4K Ultra HD movie reviews: ‘Nightmare Road’ and ‘Last Night in Soho’


Here’s a look at a pair of psychological thrillers now available in ultra-high definition disc format.

nightmare street (Walt Disney Studios Home EntertainmentR-rated, 2.39:1 aspect ratio148 minutes, $49.98) — Filmmaker Guillermo Del Toro’s latest film to be nominated for an Academy Award is based on William Lindsay Gresham’s 1946 novel and presents a simmering melodrama colored by its own brand of macabre.

Set in this early 1940s film noir, the psychological thriller centers around ambitious vagrant vagrant Stan Carlisle (Bradley Cooper), who leads an oppressive life to find a job whenever he can, but eventually finds a job in a traveling circus. He uses the opportunity to the fullest.

Carlisle finds kinship and conflict with a number of corrupt carnival folks, including electric girl Molly Cahill (Rooney Mara).)A freak show freak who is brutally exploited by strongman Bruno (Ron Perlman), the world’s smallest man, Major Mosquito (Mark Povinelli), and circus boss Clem Hoatley (Willem Dafoe).

Carlisle finally learns the secrets of the mind-reading tricks of the seer Madam Zeena Krumbein (Toni Collette) and her alcoholic husband Peter (David Strathairn). He convinces the new love of his life, Molly, to be his sidekick and go to the big city in search of riches by performing a psychic act.

A shrewd psychiatrist for the rich, Dr. With the help of Lilith Ritter (Cate Blanchett), the action goes too far, taking advantage of the grieving elite and escalating the risks for Mr. Fraud may occur to contact the dead in the great faraway.

The stellar cast, led by Mr. Cooper, confronts audiences with quite a number of twists and turns, with an irony-drenched conclusion.

Del Toro and cinematographer Dan Laustsen’s meticulous visual presentation, which portrays spirit painter Edward Hopper while bringing the old, art deco-rich period piece to noirish life.

UHD rendering from 4K mainstream format enhances an almost antique-coloured image for visually stunning images throughout. Pale gold or bronze glazed over major city locations (especially Dr. Ritter’s wood-panelled office) provides a clarity to shady and sultry open-air circus zones.

The best extras: On the included Blu-ray of the movie, viewers get three full-length images, totaling approximately 25 minutes, covering an overview of the movie; casting; a slightly deeper dive into production design (even using actual carnival props from the 1930s); art deco spaces; and period costume (242 costume changes during carnival only).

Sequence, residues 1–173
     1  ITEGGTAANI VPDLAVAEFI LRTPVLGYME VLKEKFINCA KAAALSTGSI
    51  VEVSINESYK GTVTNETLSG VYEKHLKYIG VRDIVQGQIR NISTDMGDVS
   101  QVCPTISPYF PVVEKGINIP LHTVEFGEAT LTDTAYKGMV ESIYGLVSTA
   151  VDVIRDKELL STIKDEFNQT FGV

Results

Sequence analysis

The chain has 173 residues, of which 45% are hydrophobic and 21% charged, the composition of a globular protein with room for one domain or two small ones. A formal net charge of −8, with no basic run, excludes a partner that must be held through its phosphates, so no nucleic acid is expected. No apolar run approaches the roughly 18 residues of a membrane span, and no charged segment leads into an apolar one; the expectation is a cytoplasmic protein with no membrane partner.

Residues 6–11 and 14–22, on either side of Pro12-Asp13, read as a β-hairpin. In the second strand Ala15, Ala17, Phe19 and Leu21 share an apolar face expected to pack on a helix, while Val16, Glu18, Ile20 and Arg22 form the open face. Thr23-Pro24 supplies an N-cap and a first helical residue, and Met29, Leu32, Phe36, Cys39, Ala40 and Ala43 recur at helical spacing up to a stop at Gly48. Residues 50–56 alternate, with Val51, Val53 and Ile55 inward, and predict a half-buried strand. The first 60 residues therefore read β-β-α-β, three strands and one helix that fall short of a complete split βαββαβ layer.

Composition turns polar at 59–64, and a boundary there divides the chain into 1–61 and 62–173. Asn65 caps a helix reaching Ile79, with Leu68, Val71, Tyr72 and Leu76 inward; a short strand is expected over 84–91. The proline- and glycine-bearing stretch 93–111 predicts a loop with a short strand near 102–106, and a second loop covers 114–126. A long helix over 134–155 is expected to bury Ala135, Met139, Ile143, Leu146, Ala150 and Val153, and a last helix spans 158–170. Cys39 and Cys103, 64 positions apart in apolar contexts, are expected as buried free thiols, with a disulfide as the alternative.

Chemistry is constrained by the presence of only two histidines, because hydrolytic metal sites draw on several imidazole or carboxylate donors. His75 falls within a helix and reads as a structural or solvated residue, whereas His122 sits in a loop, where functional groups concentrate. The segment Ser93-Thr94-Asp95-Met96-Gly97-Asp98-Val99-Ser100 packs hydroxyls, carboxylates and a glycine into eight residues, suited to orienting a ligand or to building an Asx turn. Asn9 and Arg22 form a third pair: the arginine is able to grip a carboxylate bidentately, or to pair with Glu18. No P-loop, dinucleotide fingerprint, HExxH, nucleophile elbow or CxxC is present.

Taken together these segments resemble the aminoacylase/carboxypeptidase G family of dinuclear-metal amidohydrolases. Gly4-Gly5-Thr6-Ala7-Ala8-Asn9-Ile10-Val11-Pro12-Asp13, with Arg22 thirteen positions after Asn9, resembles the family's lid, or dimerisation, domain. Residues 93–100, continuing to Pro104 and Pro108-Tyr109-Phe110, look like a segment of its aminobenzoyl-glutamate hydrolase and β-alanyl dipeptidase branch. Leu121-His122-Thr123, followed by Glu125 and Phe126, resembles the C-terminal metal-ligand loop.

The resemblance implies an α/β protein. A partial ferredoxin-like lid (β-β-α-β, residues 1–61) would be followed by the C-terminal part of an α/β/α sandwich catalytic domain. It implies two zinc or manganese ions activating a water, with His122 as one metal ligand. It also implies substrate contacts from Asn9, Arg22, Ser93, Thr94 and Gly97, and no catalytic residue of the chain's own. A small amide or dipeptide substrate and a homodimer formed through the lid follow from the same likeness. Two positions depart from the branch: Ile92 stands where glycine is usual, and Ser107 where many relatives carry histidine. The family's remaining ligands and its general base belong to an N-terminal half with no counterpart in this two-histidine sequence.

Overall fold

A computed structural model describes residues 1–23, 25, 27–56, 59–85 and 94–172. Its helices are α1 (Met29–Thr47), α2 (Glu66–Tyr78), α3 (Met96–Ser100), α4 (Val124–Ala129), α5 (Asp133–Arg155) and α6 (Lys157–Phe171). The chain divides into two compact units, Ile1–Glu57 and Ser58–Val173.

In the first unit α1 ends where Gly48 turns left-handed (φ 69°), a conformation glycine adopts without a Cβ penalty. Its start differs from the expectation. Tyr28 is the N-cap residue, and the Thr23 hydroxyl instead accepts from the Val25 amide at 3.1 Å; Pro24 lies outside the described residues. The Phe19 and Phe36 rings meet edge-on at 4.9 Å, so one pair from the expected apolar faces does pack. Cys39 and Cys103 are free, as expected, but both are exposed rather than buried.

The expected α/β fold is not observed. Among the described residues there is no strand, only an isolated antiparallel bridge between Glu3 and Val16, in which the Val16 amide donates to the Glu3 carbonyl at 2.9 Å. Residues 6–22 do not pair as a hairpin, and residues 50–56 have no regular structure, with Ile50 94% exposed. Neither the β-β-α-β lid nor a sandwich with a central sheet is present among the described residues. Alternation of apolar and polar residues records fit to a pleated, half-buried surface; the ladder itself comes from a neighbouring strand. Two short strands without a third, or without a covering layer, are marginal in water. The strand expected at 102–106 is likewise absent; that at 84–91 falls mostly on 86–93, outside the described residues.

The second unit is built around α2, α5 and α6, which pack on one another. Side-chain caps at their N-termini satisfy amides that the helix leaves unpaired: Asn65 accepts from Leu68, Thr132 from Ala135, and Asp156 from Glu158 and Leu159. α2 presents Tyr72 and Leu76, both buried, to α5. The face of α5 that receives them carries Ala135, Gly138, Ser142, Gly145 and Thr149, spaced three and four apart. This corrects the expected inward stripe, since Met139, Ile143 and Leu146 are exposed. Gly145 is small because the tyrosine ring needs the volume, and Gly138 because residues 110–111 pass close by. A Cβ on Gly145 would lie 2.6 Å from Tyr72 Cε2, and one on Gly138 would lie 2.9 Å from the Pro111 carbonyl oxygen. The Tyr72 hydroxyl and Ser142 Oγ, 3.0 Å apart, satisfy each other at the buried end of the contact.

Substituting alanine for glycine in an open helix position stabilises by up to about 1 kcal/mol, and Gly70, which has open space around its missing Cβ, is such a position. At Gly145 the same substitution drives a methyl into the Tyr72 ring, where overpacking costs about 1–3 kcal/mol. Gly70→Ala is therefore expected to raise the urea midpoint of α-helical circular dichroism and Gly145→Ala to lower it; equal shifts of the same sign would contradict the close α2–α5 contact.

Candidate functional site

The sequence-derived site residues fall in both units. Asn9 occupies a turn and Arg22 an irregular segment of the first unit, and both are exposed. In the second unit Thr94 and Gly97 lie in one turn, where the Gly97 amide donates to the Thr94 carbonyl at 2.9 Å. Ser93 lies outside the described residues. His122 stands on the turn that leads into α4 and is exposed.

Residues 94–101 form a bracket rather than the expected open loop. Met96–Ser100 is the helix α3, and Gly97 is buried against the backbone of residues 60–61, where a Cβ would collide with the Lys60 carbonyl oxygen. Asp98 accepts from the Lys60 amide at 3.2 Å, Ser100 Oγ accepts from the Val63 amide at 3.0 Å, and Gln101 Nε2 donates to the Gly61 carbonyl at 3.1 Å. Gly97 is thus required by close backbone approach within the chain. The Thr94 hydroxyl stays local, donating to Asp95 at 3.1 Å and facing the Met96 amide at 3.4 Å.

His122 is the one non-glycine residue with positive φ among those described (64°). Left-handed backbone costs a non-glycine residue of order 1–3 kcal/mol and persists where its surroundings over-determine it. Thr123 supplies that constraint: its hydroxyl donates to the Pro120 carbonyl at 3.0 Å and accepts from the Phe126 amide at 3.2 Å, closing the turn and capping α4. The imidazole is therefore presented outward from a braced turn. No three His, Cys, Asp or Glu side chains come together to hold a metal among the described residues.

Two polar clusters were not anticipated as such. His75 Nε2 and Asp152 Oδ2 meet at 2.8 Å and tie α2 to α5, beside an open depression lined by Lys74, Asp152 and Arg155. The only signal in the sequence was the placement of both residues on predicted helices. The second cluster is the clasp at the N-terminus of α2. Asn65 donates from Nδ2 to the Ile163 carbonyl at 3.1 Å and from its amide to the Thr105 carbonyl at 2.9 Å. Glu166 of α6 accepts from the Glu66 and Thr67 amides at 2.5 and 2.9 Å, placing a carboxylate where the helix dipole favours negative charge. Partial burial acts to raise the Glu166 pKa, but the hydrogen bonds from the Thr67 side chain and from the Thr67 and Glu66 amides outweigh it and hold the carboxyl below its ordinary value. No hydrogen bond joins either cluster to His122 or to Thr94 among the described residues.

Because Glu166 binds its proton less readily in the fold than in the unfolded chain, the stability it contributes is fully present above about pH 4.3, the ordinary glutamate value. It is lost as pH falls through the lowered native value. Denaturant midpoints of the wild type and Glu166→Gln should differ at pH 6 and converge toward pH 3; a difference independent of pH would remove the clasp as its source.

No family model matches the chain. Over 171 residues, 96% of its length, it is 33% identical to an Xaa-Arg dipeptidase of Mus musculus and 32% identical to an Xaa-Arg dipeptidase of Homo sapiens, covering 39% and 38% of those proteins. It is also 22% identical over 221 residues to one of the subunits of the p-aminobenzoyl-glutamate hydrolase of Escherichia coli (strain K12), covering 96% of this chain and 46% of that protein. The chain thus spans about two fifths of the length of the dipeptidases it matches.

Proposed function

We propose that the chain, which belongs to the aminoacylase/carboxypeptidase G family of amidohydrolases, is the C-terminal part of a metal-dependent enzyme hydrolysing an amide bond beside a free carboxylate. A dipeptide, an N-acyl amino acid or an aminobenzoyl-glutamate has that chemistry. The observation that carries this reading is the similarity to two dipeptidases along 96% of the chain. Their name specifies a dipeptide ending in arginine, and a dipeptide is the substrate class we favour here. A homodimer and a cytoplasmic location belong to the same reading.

Last Night in Soho (Universal Studios Home Entertainment)R-rated, 2.39:1 aspect ratio116 minutes, $44.98 — Director Edgar Wright takes audiences on a nostalgic trip to one of London’s most popular locations in the 1960s in a supernatural thriller now available in 4K disc format.

Co-written by Mr Wright, the story finds a modern country girl, budding fashion designer and retro 1960s sweetheart Eloise Turner (Thomasin McKenzie) and gets her chance to shine after being accepted to College London. Fashion.

After a bad experience with her college roommate, she moves into an off-campus apartment and mysteriously enters the life of another woman, an almost-twin, named Sandie (Anya Taylor-Joy), which takes her back to her favorite decade.

However, the personality of her new vision changes from an aspiring singer to prostitute under the control of Jack (Matt Smith). Now caught in Sandie’s world as the first observer at night, Eloise loses her grip on reality and begins to interact in both worlds.

The intriguing premise shines through with a fantastic soundtrack and elegant fashion and production design, but it turns into a somewhat predictable horror movie with its frantic ending.

The UHD visual presentation never disappoints, thanks to Mr. Wright and cinematographer Chung-hoon Chung’s passion for not only capturing a detailed look at highlights like the Café de Paris, but also the constant use of neon palettes that include saturated reds, purples, pinks. and green tones on the screen.

And the soundtrack includes The Who’s “Heat Wave”, James Ray’s “Got My Mind Set On You”, Sandie Shaw’s “(There’s) Always There to Remind Me”, The Walker Brothers’ “Land of 1000” Dance” and “Happy Home” by Siouxsie and Banshees.

The best extras: Viewers receive a pair of optional commentary pieces that pretty much cover the production’s deconstruction. Both are directed by Mr. Wright and are assisted by co-writer Krysty Wilson-Cairns on one piece, and by editor Paul Machliss and composer Steve Price on the other.

The piece featuring both authors was hilarious as they talked as if they were over lunch, recounting their personal experiences in London and Soho that helped build the story while keeping the story nostalgic.

The trio track is more technical in nature and heavily focused on the music – I rarely hear a composer in an on-demand interpretation – and I’m equally immersed in the various production details and location footage. The movie is definitely worth watching a third time.

However, that’s not all. The disc also includes roughly 50 minutes of short teasers covering a cast of Eloise and Sandie; cinematography as well as visual effects used to create ghostly creatures; explanation of some mirror effects; dance sequence; recreating a 1960s Soho; and the director’s obsession with returning to the 1960s.

Also, for those who admire the deeper details of the filmmaking process, rough animated storyboards for a quartet scene; and the technical parts like hair and makeup tests, and the magic behind the dance scene seen during Steadicam camera rehearsals


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